THE cash-starved Strategic Rail Authority (SRA) dealt the region a bitter blow yesterday as it shelved plans for the £3.5bn upgrade of the East Coast Main Line.

The SRA has scaled back proposals for the London-to- Scotland route and other major rail improvements across the country as it battles to cut spiralling costs.

Business leaders and passenger groups said they were bitterly disappointed by yesterday's announcement.

The original proposed East Coast Main Line upgrade was predicted to bring up to 2,000 jobs to the region and boost the local economy by about £100m a year.

But in a revised version of its strategic plan, the SRA has downgraded it to a scheme costing less than £1bn.

Some work will go ahead at Allington, in Lincolnshire, to provide a chord separating fast and slow trains. Improvement work will also be carried out further south. But plans to increase train frequencies have been put on hold "subject to affordability".

George Cowcher, chief executive of the North-East Chamber of Commerce, said: "The railway system nationwide is being neglected and mismanaged, and this continues to be a major barrier to our economic development in the North-East.

"We want to see more tangible work put into actual improvements to the rail network rather than more feasibility studies."

Ernie Preston, secretary of the North-East Rail Passengers' Committee, said he was disappointed that smaller scale works, such as upgrades of local rail stations, had been hit.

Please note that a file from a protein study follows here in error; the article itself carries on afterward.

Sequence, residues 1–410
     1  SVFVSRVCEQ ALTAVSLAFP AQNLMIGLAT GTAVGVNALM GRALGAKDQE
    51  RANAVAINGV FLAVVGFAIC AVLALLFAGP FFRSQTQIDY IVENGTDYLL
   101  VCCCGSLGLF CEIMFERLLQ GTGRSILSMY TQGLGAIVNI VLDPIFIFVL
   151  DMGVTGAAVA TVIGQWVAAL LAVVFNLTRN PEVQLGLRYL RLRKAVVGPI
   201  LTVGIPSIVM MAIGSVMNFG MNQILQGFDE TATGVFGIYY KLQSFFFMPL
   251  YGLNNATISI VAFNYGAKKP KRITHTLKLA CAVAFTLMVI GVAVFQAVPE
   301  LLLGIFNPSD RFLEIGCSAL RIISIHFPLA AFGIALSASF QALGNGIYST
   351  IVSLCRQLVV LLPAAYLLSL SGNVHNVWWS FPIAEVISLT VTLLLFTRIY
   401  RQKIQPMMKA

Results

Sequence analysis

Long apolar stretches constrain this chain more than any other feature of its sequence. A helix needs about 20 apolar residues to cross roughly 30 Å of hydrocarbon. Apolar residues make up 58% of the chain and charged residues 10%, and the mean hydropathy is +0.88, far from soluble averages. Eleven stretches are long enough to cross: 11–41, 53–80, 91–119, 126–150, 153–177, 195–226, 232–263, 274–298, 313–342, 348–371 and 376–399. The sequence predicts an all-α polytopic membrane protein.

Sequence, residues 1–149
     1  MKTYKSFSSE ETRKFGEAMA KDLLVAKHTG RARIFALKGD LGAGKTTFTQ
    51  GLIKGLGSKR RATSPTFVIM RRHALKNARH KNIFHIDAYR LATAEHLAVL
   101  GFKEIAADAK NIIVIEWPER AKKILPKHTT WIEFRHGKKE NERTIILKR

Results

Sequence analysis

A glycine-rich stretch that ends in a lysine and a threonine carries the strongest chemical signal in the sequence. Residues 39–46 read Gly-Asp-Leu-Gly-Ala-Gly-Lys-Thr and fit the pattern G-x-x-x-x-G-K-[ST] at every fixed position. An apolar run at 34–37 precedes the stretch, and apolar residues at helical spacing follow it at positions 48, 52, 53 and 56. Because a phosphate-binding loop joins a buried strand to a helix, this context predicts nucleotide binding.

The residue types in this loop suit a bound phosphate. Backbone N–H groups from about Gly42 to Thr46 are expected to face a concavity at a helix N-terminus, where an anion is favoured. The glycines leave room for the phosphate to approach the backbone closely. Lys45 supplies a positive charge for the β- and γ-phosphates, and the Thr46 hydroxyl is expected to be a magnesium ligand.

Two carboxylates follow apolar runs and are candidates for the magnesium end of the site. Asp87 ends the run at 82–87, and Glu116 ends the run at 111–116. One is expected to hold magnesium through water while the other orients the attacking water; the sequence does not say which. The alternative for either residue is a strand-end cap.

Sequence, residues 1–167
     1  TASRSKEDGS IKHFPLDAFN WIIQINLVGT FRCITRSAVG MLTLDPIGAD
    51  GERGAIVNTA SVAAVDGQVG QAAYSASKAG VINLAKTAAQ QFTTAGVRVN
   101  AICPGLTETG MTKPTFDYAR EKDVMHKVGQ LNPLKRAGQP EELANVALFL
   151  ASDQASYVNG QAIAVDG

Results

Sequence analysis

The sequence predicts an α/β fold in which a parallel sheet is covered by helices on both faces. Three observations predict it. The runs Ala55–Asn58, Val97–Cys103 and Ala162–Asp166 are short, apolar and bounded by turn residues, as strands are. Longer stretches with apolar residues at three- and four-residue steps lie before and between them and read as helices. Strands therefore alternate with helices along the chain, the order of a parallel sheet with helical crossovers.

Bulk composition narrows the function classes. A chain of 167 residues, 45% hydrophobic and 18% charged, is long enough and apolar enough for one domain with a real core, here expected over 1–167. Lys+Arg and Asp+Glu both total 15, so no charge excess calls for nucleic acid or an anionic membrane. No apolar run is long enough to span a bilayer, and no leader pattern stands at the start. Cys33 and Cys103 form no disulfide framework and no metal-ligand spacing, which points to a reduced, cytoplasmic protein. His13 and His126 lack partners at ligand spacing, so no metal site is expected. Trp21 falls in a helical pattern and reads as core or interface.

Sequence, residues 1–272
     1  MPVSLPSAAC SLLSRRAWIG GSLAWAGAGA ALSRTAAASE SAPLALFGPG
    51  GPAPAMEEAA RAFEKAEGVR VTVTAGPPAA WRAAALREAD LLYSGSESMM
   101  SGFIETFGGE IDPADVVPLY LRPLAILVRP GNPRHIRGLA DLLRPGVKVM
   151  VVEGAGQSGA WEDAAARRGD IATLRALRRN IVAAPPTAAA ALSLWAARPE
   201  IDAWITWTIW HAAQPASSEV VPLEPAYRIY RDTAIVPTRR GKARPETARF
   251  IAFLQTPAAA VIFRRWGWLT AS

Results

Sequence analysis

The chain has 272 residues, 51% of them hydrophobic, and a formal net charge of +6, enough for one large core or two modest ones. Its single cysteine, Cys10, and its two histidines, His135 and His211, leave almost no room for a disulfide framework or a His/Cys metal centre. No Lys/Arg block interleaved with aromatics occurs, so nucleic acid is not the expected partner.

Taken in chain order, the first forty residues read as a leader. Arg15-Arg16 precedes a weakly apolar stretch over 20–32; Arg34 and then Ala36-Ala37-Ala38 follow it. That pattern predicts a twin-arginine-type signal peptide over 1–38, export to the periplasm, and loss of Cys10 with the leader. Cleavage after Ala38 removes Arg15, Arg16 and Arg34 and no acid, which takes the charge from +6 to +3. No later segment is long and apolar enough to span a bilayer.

"It's a sad day for the North of England," he said.

But the slimmed-down plans include a possible new £6bn North-South rail link by 2015 capable of carrying trains to rival France's high-speed trains with speeds of up to 200mph.

A spokesman for East Coast Main Line operator GNER said: "We understand realistically that the SRA has only got so much money to spend."

Other plans being deferred include the TransPennine to South Humberside freight service improvement scheme, the east London line extension and the north-south cross-London Thameslink.

Some projects emerged unscathed, including the £9.7bn West Coast Main Line and the £1bn contract for a power supply upgrade in the South.

The rail industry's operating deficit has risen from £200m in 1999-2000 to £1.5bn in 2002-2003.

SRA chairman Richard Bowker said there would be another plan in a year's time, which would be the basis of an appeal for more Government funds.